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Posts Tagged ‘BYOD

Using Mobile Devices and Technology to Enhance Emotional Intelligence

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I often start my blogs with a rationale for how and why I teach the way I do.  Here are a few related to the activity I describe in this post.

  1. Classroom activities should be authentic, engaging, and student-centric.  Students can learn the theory on their own time using the textbook and media (PPTs, Slidehares, Videos).  Face-to-face class time should be spent on having students experience the concepts.
  2. Classroom activities can and should be continually tweaked to reflect the current out-of-class environments, culture, and society-at-large.  Currently, I am asking myself, “How can I integrate the mobile devices that my young college students are using in their own lives into our learning activities?”
  3. Along with my goal of continuous improvement of learning activities comes the desire and need for continuous reflection.  I view it as an informal type of action-research which includes my observations and student written reactions to and reflections about the class activities.

The Activity:  Using Mobile Devices to Create a Personalized Feeling Chart

Students were introduced to the feelings cards by selecting the cards that matched their feelings at that moment  . . .

In small groups, students selected 10-15 feelings cards and set up scenarios that represented each of feelings selected.  They used their own mobile device to take photos of these images  . . .


The photos were directly upload to Flickr via an email.  The full process is described by Lisa Nielson in Using Flickr to Collect Images Captured on Cell Phones.

As you can see the uploaded images created a personalized feelings poster.  Students were provided with scenarios and asked to locate on the Interactive White Board which of these displayed images that they created best represented how they would feel in that situation.

Instructor Reflections

  • This class meets once a week from 6 to 9:40 PM.  Most of the students are within the 18-20 age group.  Because it is an evening course and many of the students work, they are tired when they come to class.  As I stated above, I do not use our time together to lecture.  The first half of this night’s class was used doing some self-assessments and large group discussion.  Student interest faded in and out with some students being more actively involved in the discussions.  The activity described above was introduced about midway through the class.  The energy level of the students rose dramatically, all students engaged, all laughing, smiling and enjoying themselves and what they were doing.  Was it the small groups?  The fun activity? The use of their mobile devices to take photos?  Seeing themselves projected on the big screen?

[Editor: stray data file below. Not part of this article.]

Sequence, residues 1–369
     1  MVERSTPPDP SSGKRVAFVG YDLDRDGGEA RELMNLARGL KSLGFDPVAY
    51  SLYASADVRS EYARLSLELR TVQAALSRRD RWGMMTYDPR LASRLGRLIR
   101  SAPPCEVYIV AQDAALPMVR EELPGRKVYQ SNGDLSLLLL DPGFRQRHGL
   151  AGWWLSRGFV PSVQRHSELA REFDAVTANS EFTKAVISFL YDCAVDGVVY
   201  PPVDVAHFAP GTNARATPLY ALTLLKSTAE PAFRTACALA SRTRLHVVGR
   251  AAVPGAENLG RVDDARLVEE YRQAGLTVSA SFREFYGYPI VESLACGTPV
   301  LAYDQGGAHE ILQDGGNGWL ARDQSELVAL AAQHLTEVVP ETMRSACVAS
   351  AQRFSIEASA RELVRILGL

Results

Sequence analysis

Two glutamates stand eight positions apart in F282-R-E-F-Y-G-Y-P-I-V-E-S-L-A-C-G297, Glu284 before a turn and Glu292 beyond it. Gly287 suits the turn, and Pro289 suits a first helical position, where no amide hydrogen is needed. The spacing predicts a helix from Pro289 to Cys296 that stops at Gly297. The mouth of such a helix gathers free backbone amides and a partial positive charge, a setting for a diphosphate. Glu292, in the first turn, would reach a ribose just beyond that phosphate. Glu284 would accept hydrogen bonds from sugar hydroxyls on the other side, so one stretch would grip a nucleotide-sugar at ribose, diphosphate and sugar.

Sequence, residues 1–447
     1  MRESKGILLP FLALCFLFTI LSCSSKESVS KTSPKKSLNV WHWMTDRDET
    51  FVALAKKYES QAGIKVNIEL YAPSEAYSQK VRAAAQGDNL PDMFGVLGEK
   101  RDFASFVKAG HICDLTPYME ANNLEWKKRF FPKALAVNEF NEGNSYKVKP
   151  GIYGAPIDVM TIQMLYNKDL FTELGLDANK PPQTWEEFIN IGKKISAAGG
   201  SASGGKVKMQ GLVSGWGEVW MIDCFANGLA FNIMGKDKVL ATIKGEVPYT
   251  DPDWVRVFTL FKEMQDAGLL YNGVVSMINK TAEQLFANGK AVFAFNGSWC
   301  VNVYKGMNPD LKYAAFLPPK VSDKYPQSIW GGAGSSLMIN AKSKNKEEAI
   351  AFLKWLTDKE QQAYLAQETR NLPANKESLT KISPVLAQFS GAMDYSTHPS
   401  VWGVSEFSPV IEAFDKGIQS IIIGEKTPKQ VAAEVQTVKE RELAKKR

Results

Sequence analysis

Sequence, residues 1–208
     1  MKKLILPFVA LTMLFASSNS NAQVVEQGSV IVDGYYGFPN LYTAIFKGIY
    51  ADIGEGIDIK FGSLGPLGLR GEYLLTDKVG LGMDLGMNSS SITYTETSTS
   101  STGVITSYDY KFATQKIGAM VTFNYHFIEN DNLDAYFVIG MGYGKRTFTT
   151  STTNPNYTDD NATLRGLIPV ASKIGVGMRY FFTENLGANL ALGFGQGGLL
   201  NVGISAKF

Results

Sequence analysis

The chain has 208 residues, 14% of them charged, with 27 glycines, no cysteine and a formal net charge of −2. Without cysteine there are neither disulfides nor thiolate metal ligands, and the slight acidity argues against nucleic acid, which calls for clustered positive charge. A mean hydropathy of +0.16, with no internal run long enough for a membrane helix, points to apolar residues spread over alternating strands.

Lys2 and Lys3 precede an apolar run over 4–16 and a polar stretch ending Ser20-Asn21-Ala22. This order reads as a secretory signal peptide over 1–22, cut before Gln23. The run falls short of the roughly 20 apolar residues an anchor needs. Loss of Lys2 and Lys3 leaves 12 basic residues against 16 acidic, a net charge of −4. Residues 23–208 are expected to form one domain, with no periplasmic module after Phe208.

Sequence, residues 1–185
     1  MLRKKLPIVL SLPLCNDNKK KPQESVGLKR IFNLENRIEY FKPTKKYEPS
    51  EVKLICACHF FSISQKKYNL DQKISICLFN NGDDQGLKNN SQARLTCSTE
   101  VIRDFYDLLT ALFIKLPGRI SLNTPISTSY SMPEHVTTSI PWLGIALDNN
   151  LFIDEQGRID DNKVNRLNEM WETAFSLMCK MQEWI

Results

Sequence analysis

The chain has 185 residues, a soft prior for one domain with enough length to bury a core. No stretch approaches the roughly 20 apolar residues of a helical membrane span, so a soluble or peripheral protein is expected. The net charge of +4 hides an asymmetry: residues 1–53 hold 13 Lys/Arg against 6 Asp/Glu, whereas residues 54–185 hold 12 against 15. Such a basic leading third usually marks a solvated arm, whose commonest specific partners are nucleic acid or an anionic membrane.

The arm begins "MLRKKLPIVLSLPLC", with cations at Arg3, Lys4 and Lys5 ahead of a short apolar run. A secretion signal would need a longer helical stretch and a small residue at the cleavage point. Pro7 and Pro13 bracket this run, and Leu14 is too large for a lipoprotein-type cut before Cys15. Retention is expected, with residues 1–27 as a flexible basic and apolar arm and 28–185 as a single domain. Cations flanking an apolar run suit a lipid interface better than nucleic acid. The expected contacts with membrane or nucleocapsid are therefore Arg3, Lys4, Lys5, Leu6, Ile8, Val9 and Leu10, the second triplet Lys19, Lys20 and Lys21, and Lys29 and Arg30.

• The second major observation – more of an “aha” was related to the devices the students were using.  Most had cells phones, a few had laptops.  These students, as a group, are classified as lower income students.  None of their devices had the capability to download apps.  What this says to me as the educator is that when I am designing activities that use the students own devices in my BYOD classroom, that they cannot include the use of apps.  They have camera, email, texting, internet capabilities, but no way to use apps.  Interestingly, as I was thinking about this today, a related article was posted on Edutopia Should We Be Concerned About an “App Gap”?  by Audrey Watters.

Student Reflections

Students post their reactions to class activities each week via our class Facebook Page. Here are some reflections about the emotional intelligence activities:

We picked out about 8 emotions in groups and went around the school to take pictures of ways to describe those emotions. I had a lot of fun with this project.  It was fun to work together and be creative while finding ways to explain emotions. After that we got to play a board game which was also a lot of fun. I really enjoyed this class.

We also got to take pictures of different emotions and put them into a slideshow that we later used for a game. I think that we all learned a lot about each other from our photos. I, for one, had an absolute blast making these and getting to hear everybody else’s emotional experiences.

We also got into groups and had to use the emotions card and go around and take a picture of them to display them. I  had so much fun doing this. I think that if we all really talked about our emotions, we would know how to control them very well.

Written by Jackie Gerstein, Ed.D.

October 29, 2011 at 2:43 pm

An Instructional Activity: Student-Produced Viral Videos